That's news to me. I was under the impression that the C runtime startup code calls main. But you clearly have a command of C that surpasses mine, so who am I to argue? :rolleyes:

>and it don't have to return any value like any other function
Wrong, and I shudder to think where you got that impression from.

>It also don't have to take any parametars.
True, but irrelevant to the topic of return values.

>but in this program there is no need for this
Also wrong. Let's assume, for the sake of argument, that your runtime startup code does this:

exit ( main ( argc, argv ) );

When you define main as returning void, assuming it even manages to run for reasons that you're probably not aware, what value is passed to exit? If you said "I dunno", you get a cookie. The value is undefined, the behavior is undefined, and undefined behavior is about the worst bug you could ever have. Now imagine trying to debug a crash at this level.

@server_crash try devshed? But I thought u were already using that. :rolleyes:

I am, but there's specific reasons why I was wanting to compile and run under Miracle C.

Is there a reason why the fgets is delimiting a '.'? If I enter 5.5 it truncates to 5... How can I get around this?

> but there's specific reasons why I was wanting to compile and run under Miracle C.
Because you're a masochist?
Like Dave said, Miracle C is a silly PoS compiler which looks great if your homework was "write a C compiler", but is utterly useless for anything more complicated than "hello world". Even crusty old TurboC had more features, and dev-c++ just wipes the floor with it. The bonus round is that dev-c++ is really $0 whereas Miracle C is $$$ nagware. Perhaps the real miracle is that people actually pay for that junk.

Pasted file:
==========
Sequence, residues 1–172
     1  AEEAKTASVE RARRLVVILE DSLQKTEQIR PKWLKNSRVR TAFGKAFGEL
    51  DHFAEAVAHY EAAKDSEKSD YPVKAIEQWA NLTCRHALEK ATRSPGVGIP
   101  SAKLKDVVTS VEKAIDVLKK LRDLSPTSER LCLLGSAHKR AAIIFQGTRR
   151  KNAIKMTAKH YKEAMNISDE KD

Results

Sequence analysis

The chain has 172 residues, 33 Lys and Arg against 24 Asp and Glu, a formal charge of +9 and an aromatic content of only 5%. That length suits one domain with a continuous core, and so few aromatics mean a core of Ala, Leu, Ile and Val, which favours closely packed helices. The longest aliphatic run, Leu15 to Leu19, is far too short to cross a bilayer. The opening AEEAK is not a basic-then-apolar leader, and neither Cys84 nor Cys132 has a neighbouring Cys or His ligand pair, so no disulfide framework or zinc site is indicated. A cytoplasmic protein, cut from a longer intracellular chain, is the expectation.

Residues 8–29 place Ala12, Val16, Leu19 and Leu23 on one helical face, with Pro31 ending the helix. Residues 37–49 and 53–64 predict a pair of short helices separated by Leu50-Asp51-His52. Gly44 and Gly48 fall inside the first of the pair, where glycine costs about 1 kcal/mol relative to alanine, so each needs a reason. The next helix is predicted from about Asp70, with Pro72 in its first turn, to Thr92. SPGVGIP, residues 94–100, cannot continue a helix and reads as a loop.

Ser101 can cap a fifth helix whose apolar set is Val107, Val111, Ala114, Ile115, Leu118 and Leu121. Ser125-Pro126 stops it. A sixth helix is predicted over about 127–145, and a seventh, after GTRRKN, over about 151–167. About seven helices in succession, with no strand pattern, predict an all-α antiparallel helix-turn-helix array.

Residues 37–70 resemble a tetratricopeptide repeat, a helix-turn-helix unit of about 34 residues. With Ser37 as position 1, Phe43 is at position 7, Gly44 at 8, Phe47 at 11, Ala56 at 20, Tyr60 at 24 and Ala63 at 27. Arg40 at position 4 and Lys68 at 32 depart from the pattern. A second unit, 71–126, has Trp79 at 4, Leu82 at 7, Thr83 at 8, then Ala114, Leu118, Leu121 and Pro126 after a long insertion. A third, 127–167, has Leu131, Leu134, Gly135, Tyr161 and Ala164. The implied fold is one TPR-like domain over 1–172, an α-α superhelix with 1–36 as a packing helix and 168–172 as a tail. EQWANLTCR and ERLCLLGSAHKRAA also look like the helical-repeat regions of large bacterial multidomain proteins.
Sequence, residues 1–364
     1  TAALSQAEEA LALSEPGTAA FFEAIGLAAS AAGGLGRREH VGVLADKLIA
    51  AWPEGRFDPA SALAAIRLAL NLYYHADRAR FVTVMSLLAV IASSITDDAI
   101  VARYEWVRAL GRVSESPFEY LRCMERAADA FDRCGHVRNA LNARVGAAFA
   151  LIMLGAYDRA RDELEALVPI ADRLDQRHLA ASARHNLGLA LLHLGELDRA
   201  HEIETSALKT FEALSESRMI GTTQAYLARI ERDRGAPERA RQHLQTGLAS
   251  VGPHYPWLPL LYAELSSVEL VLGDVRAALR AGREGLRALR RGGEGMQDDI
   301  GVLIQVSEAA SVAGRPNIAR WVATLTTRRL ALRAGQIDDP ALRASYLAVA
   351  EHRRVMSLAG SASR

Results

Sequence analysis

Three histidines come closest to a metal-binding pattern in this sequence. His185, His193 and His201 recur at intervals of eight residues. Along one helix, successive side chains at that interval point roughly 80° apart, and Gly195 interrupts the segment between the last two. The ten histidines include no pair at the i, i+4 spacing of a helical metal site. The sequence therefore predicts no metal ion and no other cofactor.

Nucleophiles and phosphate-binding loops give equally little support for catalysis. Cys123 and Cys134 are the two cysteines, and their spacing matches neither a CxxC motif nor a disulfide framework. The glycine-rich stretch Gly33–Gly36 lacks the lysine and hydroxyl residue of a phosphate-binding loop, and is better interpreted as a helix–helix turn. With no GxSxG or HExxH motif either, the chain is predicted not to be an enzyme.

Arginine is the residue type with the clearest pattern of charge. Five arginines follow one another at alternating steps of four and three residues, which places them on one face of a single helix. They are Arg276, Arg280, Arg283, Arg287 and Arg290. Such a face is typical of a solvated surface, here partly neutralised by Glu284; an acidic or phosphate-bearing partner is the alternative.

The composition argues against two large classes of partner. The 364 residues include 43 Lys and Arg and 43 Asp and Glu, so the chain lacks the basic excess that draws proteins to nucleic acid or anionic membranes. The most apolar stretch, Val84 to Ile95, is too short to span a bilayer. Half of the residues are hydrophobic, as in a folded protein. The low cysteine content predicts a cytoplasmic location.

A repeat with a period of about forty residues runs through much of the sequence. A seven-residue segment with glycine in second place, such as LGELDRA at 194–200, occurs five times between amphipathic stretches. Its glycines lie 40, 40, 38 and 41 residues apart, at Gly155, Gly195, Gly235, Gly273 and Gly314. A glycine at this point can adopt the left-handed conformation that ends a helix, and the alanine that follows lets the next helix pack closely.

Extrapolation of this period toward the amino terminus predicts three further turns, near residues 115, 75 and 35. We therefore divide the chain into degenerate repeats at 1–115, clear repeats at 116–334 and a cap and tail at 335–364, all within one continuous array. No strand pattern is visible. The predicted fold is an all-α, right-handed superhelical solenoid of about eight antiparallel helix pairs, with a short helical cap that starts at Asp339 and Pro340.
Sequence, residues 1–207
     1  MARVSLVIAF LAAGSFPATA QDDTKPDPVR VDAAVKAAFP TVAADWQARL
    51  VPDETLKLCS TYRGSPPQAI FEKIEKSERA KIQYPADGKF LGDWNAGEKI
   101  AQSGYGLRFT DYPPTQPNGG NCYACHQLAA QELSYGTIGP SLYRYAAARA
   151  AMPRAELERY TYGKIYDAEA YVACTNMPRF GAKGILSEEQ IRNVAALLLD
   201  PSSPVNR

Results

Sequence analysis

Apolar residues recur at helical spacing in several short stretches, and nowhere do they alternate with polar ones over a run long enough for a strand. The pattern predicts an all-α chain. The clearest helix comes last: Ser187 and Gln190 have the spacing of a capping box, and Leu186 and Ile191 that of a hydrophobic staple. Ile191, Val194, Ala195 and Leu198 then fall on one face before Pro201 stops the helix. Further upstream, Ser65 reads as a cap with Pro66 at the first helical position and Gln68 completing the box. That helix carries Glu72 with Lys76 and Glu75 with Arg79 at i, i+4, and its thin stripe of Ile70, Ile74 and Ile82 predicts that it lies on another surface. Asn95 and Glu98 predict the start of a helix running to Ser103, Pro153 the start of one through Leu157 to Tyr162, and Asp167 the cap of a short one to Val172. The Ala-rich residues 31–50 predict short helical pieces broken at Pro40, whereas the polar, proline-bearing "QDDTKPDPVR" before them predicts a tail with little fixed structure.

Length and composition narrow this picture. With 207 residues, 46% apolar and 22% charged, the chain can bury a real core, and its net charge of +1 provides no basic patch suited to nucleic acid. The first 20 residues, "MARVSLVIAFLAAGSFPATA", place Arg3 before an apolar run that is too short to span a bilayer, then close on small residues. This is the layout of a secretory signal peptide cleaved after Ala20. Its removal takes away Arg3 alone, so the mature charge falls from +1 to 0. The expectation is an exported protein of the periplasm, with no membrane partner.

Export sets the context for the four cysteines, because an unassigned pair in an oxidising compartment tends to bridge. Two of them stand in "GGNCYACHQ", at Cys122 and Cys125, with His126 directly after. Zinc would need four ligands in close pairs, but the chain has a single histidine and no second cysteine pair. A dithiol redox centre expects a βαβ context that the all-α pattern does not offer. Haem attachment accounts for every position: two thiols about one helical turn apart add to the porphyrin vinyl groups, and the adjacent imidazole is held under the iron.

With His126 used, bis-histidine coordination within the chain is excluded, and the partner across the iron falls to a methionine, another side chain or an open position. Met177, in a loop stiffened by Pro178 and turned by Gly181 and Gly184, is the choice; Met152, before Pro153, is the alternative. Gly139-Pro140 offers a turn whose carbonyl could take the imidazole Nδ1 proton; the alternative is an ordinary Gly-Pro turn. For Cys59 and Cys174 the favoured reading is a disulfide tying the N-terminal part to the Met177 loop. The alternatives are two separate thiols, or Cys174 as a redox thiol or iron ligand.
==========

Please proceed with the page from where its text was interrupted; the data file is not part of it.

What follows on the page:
The only thing you will learn is frustration, and there's plenty of that coming your way even with a decent compiler.

If it's your school telling you to use that crud, then find a better school because they'll be incapable of teaching you anything useful.

Because you're a masochist?

I suggest you shut your big yapper [insert Moderator's profanity edit here]

If it's your school telling you to use that crud, then find a better school because they'll be incapable of teaching you anything useful.

Schools out tard. Java is the only thing taught at my school (when it's actually going on).

Is there a reason why the fgets is delimiting a '.'? If I enter 5.5 it truncates to 5... How can I get around this?

Not according to the specification. It should stop only at a Newline or EOF character.

Reads characters from stream and stores them in string until (num -1) characters have been read or a newline or EOF character is reached, whichever comes first.

How do you know that it is reading only 5? Are you using a debugger or using printf? If you are using printf maybe you are using a wrong format specifier.